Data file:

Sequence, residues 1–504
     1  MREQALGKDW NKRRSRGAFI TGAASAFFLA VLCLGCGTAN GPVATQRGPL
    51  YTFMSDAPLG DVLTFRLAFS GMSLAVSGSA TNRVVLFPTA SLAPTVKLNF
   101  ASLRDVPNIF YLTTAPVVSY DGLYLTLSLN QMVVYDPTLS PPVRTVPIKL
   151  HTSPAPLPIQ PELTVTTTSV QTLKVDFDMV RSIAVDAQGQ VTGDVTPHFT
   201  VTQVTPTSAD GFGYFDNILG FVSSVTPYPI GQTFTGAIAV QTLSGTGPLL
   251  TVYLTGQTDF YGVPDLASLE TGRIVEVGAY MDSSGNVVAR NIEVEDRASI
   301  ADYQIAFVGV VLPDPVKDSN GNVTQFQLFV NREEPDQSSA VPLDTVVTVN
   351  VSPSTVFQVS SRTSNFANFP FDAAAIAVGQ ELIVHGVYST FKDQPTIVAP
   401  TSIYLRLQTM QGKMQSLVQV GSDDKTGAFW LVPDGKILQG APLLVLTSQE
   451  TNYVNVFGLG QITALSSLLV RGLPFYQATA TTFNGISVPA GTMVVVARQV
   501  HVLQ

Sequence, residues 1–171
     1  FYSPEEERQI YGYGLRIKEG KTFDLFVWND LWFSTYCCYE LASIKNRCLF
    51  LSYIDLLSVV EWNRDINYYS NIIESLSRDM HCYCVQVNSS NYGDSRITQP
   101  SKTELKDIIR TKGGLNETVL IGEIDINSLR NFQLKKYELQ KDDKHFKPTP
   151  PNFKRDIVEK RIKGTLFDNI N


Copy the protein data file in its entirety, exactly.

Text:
Sequence, residues 1–504
     1  MREQALGKDW NKRRSRGAFI TGAASAFFLA VLCLGCGTAN GPVATQRGPL
    51  YTFMSDAPLG DVLTFRLAFS GMSLAVSGSA TNRVVLFPTA SLAPTVKLNF
   101  ASLRDVPNIF YLTTAPVVSY DGLYLTLSLN QMVVYDPTLS PPVRTVPIKL
   151  HTSPAPLPIQ PELTVTTTSV QTLKVDFDMV RSIAVDAQGQ VTGDVTPHFT
   201  VTQVTPTSAD GFGYFDNILG FVSSVTPYPI GQTFTGAIAV QTLSGTGPLL
   251  TVYLTGQTDF YGVPDLASLE TGRIVEVGAY MDSSGNVVAR NIEVEDRASI
   301  ADYQIAFVGV VLPDPVKDSN GNVTQFQLFV NREEPDQSSA VPLDTVVTVN
   351  VSPSTVFQVS SRTSNFANFP FDAAAIAVGQ ELIVHGVYST FKDQPTIVAP
   401  TSIYLRLQTM QGKMQSLVQV GSDDKTGAFW LVPDGKILQG APLLVLTSQE
   451  TNYVNVFGLG QITALSSLLV RGLPFYQATA TTFNGISVPA GTMVVVARQV
   501  HVLQ

Sequence, residues 1–171
     1  FYSPEEERQI YGYGLRIKEG KTFDLFVWND LWFSTYCCYE LASIKNRCLF
    51  LSYIDLLSVV EWNRDINYYS NIIESLSRDM HCYCVQVNSS NYGDSRITQP
   101  SKTELKDIIR TKGGLNETVL IGEIDINSLR NFQLKKYELQ KDDKHFKPTP
   151  PNFKRDIVEK RIKGTLFDNI N